Data also suggest that our current law is, in many cases, simply forcing young women to seek care out-of-state. A National Institute of Health (NIH) analysis found that the rate of minors seeking out-of-state abortion care in Massachusetts rose by a striking 300% after the parental consent law was adopted in 1982, while the in-state teen abortion rate decreased by a significantly smaller margin. Simply put, we should not be imposing restrictions which effectively force many young women to travel out of state to receive abortion care. The ROE Act would eliminate this onerous judicial bypass requirement, allowing young women to receive abortions without parental consent upon the determination of the woman and her doctor that it is a medically-appropriate course of action. The goal of this provision is to safely and reasonably expand reproductive care options for young women.
It’s also worth clarifying something that I’ve heard from some opponents of the bill who claim that allowing women to access abortion at a young age will put them at a higher risk of medical complications. There is no existing independent data that suggests this is the case. In fact, abortion is a very safe medical procedure – the risk of major complications (those requiring hospital care) in first trimester abortions is incredibly rare, occurring at a rate of less than 0.5%. Ninety-percent of abortions performed in Massachusetts are done so at or before 12 weeks gestation. Additionally, there are follow-up care protocols that ensure safety – all patients receive information on what signs to look for that might indicate a complication and there are required follow ups within one week for patients who obtain medication abortion.
The ROE Act establishes safety net coverage for abortion care for people who do not have health insurance.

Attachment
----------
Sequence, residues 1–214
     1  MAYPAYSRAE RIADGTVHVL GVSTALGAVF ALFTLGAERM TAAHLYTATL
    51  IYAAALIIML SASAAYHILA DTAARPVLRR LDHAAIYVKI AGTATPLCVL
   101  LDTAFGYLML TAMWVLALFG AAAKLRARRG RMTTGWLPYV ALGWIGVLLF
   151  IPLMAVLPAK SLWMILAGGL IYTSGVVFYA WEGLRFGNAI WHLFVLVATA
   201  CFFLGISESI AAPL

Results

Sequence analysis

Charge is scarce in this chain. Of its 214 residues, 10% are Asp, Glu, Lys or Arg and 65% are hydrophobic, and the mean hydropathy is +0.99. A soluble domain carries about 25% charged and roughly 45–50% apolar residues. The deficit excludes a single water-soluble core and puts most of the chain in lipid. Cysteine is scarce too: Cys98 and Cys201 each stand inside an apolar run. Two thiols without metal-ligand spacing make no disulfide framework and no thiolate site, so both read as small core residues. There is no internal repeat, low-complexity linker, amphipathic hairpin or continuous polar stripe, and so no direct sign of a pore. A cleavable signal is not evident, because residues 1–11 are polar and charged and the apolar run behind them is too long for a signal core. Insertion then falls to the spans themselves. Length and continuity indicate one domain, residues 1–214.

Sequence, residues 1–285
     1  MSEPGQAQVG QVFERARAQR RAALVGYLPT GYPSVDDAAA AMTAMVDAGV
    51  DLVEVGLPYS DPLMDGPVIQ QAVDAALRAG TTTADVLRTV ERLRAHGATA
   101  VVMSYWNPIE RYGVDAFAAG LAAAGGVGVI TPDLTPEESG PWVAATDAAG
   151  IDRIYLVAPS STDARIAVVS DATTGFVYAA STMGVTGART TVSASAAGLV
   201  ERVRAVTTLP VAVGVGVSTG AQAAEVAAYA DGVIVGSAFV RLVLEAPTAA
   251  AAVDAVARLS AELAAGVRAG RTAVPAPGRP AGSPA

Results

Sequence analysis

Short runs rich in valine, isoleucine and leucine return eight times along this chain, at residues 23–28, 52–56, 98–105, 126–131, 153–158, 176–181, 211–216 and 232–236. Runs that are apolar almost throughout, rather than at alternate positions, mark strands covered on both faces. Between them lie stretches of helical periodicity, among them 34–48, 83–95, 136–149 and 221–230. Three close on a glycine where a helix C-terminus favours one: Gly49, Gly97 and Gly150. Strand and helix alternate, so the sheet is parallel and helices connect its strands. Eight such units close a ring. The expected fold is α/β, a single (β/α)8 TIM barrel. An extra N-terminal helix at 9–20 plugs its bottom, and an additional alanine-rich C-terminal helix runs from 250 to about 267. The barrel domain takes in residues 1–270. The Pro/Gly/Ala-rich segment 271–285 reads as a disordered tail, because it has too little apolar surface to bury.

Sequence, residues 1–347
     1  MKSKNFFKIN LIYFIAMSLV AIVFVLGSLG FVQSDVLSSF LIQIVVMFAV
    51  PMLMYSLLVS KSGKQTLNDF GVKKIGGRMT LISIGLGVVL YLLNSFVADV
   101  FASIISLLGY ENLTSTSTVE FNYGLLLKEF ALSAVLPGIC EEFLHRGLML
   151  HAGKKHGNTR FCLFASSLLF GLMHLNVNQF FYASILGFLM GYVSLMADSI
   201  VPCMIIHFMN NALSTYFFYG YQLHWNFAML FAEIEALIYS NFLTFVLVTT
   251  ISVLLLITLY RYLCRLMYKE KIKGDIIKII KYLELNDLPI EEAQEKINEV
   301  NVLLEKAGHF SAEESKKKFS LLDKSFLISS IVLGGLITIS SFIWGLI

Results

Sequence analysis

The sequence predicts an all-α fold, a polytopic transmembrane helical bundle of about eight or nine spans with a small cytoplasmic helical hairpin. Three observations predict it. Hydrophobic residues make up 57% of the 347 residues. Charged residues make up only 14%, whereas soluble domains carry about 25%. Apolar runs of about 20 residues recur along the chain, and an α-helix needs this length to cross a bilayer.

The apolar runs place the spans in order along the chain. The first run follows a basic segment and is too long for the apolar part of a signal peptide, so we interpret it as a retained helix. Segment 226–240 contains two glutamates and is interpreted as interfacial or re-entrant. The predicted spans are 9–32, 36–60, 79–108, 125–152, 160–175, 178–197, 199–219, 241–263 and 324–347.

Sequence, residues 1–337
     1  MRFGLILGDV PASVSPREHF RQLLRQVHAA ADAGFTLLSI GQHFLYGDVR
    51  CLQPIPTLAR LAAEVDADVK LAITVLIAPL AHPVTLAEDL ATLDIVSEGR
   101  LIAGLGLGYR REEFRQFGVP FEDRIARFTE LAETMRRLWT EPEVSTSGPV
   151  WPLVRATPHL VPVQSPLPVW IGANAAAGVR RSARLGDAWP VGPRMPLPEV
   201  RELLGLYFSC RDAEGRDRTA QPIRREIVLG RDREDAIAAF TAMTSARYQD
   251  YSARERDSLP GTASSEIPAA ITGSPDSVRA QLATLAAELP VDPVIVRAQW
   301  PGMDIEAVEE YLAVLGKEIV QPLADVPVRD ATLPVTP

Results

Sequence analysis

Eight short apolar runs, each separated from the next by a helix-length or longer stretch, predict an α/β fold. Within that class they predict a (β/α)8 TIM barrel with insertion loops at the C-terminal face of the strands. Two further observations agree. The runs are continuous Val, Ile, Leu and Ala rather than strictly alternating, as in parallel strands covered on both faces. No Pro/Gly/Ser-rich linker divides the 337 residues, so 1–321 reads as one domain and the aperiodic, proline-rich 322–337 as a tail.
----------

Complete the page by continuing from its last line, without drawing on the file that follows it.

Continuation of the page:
Abortions and abortion-related care can be cost-prohibitive without health insurance. This is simply unfair. As such, the ROE Act takes the important step of providing health care coverage through the Healthy Start Program so that low-income women who do not qualify for MassHealth can access the full range of reproductive health options they need to ensure they make the medical decision that is right for them. Codifying the state’s safety net program for abortion services along with all other pregnancy-related care ensures that the state does not determine what care residents can access based on how much money they make.
The ROE Act does not allow unrestricted, unregulated access to abortions.
As I explained above, the ROE Act is not a bill that authorizes unrestricted, unregulated access to abortion under all circumstances. Rather, it is a thoughtful bill that reasonably extends reproductive care options to cases involving lethal fetal anomalies or a fetus that cannot survive outside the uterus, to young women, and to low-income women without health insurance. Contrary to some of the criticisms I have heard, nothing in this legislation states that abortions would be allowed “anywhere” or under “any circumstance,” nor is there any indication that incidence of “back alley” abortions would increase if this bill passed. In fact, by reasonably expanding access to abortion services in Massachusetts, we eliminate the need for such “back alley” abortions which are otherwise the product of restrictive laws.
I firmly believe that everyone should be in control of their own bodies – and this includes women and their healthcare decisions. While I recognize that some of you may disagree with my position on this issue, I appreciate everyone who has taken the time to weigh in by phone, email or in-person. If you have not done so already, I encourage you to view the full text of the bill here: https://malegislature.gov/Bills/191/S1209.
If you have any questions or concerns, please feel free to contact my office by phone at (617) 722-1432 or by email at Cindy.Friedman@masenate.gov.